Focus: Finance and Governance - Outlook - Why charities need to discriminate

Outcomes and impacts are coming to the fore as stakeholders seek to understand what their money is buying. Even the Government is being brought to account over precisely what all those resources delivered to the NHS have returned to the ill taxpayer. This arena is the natural habitat of the finance professional.

The key to setting priorities in a resource-constrained world is knowing where to start. However distasteful it might be, priorities must be chosen.

With their focus on beneficiaries rather than political plaudits or shareholder returns, charities are uniquely placed to take a lead in these debates.

Finance professionals can facilitate the agenda-setting so that charitable resources are targeted to best effect.

Thinking about a problem on a scale that creates opportunities often lies behind successful innovation and improved effectiveness.

A common commercial technique is to think about the link between producer and customer, finding ways to cut out the middlemen. Yorkshire and Humberside RDA wanted to improve future economic performance and, ultimately, the lives of young people. It commissioned £7m of youth mentoring support from Business in the Community.

Effectiveness is also about knowing where a business's offering is distinctive from those of its rivals. In the commercial world, that translates into greater profit. In the charitable world, it should mean meeting needs in the best ways possible. With more need existing than the voluntary sector can meet, it's a travesty when charities' services overlap. Because many problems confronting charities require multiple interventions, partnering, mergers and consortia are going to be key structures in the future.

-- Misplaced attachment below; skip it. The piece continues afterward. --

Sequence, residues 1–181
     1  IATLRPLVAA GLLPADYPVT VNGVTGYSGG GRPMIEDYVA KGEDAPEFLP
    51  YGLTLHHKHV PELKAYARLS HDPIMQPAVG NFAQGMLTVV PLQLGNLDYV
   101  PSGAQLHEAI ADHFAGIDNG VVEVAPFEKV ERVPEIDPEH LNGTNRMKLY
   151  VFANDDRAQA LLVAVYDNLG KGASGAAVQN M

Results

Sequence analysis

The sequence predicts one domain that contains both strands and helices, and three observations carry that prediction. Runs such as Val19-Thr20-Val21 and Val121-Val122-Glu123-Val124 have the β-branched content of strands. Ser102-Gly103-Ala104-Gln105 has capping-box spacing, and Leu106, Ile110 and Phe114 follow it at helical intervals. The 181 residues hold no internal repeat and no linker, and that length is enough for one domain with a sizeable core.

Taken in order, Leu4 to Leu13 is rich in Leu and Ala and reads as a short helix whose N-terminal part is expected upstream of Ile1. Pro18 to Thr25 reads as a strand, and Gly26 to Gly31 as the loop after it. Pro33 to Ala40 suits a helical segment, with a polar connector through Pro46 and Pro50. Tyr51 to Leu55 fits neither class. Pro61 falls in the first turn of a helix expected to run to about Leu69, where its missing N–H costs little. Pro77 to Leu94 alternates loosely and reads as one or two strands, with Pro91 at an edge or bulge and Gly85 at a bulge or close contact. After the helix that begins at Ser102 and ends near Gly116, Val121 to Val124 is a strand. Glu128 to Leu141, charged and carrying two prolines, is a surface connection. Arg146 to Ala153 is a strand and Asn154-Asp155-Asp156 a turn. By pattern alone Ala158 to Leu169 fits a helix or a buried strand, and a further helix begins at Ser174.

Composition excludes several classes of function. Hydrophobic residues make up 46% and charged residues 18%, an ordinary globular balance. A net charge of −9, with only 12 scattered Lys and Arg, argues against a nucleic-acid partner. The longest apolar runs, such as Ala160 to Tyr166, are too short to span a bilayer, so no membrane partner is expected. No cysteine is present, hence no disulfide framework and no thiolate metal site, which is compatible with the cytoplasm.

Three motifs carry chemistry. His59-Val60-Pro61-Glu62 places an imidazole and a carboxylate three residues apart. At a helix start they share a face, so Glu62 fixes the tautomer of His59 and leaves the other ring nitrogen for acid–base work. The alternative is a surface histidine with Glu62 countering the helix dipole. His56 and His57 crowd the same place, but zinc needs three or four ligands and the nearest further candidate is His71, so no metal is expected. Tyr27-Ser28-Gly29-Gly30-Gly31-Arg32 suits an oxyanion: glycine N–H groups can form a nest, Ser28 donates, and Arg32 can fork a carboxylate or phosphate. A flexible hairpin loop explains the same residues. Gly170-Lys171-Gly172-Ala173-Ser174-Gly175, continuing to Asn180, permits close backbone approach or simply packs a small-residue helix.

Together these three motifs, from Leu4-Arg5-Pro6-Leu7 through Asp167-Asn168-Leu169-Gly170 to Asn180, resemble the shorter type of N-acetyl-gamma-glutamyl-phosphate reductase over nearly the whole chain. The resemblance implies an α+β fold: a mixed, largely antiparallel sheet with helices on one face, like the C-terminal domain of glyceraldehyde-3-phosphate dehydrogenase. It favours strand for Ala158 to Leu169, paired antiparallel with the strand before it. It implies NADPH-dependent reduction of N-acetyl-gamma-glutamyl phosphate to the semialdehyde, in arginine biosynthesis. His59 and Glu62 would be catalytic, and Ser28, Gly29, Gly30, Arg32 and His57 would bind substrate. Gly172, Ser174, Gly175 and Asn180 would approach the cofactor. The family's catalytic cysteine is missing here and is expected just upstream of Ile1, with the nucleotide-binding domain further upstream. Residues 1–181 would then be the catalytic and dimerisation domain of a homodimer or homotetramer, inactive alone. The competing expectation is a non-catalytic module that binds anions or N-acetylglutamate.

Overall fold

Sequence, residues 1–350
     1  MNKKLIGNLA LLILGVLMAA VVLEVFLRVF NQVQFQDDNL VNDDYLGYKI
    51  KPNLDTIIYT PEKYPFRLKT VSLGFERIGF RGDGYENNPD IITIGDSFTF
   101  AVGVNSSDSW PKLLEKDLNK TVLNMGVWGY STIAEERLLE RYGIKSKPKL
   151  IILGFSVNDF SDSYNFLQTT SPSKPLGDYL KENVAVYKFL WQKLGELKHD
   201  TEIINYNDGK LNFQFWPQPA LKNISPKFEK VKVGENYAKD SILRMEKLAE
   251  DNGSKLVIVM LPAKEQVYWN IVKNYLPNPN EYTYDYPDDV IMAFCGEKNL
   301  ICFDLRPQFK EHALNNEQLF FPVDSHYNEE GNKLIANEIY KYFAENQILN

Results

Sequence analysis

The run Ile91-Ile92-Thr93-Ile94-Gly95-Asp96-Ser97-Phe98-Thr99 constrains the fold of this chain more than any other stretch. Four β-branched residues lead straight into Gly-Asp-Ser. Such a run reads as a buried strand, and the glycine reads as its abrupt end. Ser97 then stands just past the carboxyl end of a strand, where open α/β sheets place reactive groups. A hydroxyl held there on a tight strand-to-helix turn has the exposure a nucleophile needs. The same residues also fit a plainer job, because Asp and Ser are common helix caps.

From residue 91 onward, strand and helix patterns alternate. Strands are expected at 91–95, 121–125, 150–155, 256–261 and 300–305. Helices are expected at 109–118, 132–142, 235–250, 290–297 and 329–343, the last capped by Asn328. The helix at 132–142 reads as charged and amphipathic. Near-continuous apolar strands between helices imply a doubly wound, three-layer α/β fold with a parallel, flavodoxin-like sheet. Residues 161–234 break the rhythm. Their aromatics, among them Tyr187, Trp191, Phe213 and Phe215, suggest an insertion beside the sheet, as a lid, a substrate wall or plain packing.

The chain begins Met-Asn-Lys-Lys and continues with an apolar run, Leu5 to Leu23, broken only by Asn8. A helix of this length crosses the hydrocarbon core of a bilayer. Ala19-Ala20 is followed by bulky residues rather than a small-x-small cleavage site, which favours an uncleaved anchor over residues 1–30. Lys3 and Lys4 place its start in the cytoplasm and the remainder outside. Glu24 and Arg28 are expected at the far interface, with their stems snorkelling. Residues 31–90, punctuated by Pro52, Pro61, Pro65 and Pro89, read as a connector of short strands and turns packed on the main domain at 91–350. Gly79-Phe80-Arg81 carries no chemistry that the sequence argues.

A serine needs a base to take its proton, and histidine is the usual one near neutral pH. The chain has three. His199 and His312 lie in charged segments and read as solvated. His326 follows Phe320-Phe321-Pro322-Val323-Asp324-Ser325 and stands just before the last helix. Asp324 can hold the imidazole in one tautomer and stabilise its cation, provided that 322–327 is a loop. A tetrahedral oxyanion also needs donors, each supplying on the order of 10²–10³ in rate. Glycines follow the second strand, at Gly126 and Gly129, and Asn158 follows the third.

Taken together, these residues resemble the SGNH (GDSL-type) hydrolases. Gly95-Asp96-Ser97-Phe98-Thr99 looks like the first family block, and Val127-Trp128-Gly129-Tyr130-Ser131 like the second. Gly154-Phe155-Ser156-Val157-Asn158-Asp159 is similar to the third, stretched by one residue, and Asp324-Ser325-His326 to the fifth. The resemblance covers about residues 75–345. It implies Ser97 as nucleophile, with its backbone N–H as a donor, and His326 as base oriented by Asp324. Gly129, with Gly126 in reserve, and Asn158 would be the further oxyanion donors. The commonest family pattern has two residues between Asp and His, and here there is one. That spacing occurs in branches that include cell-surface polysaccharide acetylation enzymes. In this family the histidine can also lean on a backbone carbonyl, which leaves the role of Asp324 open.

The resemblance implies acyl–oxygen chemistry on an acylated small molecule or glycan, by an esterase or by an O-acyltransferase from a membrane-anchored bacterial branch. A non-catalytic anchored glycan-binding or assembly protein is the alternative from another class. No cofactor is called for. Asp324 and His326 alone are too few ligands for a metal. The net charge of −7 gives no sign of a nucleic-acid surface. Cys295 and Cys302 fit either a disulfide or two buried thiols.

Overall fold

The Government is committed to the voluntary sector, but in structural fiscal deficit, and with the latest consumer goods vying for donors' attentions, charities must make every penny stretch as far as possible. It shocks me that CharITyshare, the joint IT venture between the Children's Society and the NSPCC, is still unique.

All of this indicates an agenda to be shared by finance professionals, charity management, trustee boards and potential partners.

But there are testing questions to answer: have we thought about our beneficiaries' needs in a way that unlocks solutions? Are we duplicating the work of others? Do we need to remain independent? What partnering is appropriate and do we have the skills to deliver it? What internal questions are we dodging?

And finally, in a sector known for its lack of prejudice, the discrimination implied by ranking priorities will be the hardest but most vital test of all.

KEY POINTS

- With outcomes and impact increasingly to the fore, charities must take care to define their priorities

- This includes thinking about beneficiaries' needs in ways that create solutions and opportunities

- Partnering, mergers and consortia will also be important in the future.

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